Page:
Porsche has introduced the new 911 GT3 R, and the car will be ready to make its racing debut early next year. Development began in 2019 for the 992-generation-based customer race car, with Porsche focusing on improving its drivability, streamlining its handling, and reducing its running costs.
Many of the improvements Porsche made are designed to make the race car easier to drive for a broader skillset of drivers. That includes a new suspension that makes steering more precise and reduces wear on the rear tyres. Its KW shock absorbers offer five adjustment settings.
Gallery: Porsche 911 GT3 R
The suspension, double-wishbone at the front and multi-link at the rear, also allows the car to have an elevated underbody that helps airflow reach the rear diffuser without significantly increasing drag. The rear wing now features a swan-neck mount, which further improves the car’s aerodynamics. Helping with the handling and tyre wear is the wheelbase extension. Porsche moved the rear wheels further back, extending the wheelbase from 2,459 millimetres (8.0 feet) to 2,507 mm (8.22 ft.).
Powering the Porsche’s new customer racer is a 4.2-litre naturally aspirated flat-six engine, which is up from 4.0 litres in size. The engine can produce up to 557 bhp (416 kilowatts), which routes through a sequential six-speed contest-mesh gearbox with paddle shifters, which Porsche derived from the 911 GT3 Cup race car.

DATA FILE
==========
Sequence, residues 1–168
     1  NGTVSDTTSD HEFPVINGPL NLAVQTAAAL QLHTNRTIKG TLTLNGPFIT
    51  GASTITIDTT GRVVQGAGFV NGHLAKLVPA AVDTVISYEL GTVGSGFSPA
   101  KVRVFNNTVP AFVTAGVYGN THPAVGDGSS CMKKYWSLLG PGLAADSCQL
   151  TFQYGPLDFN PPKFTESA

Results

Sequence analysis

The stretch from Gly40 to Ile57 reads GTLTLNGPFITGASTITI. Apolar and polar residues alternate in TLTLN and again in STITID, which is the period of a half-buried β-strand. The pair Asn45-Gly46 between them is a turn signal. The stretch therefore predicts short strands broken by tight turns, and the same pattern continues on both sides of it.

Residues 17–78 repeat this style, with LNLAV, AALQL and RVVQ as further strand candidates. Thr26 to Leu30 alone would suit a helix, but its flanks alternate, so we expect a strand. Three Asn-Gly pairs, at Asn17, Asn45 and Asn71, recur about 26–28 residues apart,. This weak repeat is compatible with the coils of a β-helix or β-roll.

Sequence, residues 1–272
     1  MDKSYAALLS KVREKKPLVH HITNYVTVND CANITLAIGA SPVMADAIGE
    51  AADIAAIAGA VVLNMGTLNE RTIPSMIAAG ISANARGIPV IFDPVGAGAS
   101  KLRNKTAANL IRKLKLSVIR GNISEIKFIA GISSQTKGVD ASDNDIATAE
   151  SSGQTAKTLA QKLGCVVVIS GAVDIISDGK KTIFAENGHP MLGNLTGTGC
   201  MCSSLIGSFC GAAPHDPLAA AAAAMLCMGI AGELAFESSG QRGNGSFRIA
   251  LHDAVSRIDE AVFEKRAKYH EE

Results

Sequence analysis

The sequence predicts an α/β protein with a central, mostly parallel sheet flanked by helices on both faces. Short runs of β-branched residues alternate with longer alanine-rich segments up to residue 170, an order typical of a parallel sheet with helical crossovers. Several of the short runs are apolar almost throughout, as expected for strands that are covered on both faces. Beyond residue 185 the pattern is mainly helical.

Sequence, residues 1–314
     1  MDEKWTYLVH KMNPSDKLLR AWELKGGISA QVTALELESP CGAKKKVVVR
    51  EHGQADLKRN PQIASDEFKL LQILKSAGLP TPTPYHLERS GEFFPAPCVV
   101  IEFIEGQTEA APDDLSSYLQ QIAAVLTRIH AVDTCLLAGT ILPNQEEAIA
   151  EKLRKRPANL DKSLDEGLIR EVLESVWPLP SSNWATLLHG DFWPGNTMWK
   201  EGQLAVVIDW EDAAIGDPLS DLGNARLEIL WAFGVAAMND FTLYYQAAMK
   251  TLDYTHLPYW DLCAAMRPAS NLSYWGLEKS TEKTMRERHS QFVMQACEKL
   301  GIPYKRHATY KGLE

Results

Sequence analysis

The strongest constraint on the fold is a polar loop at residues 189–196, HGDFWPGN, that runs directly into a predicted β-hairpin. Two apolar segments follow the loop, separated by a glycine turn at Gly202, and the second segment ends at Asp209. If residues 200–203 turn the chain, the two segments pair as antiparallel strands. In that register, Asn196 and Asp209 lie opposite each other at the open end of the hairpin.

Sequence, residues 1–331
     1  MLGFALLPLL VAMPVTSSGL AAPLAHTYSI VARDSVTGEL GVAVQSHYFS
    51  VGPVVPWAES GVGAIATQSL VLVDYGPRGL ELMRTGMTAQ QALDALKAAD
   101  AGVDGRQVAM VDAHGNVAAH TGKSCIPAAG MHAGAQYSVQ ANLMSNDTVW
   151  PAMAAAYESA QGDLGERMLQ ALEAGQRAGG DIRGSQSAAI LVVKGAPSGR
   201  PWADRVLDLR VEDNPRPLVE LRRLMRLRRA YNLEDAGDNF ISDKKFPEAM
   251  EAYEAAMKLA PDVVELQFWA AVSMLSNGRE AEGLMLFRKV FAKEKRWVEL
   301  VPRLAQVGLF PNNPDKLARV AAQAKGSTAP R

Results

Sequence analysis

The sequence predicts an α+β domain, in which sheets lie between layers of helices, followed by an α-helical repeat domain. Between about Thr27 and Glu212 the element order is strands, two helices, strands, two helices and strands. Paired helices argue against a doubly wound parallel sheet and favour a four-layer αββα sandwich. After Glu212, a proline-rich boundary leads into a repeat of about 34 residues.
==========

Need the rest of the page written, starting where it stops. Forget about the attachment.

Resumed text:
Porsche tilted the engine forward by 5.5 degrees to create enough space for the underbody diffuser, which forced the company to relocate some auxiliary engine components. This helped improve the car’s weight balance.
Inside, Porsche met the FIA’s newly developed impact protection mandates by moving the seats closer to the car's centre. This also allowed Porsche to improve the racer’s roll cage. Adjustable pedals and steering wheel offset the fixed seating position. Improved clasps for the six-point racing harness will help save about one second during driver changes.
The Porsche 911 GT3 R will be ready to race at the beginning of next year’s GT3 season, which kicks off with the Rolex 24 at Daytona next January. The car will cost $567,210, and it’s only available for purchase through Porsche Motorsport North America for customers in the US and Canada. Thanks to changes with the FIA, the car will be eligible to race in the 24 Hours of Le Mans for the first time.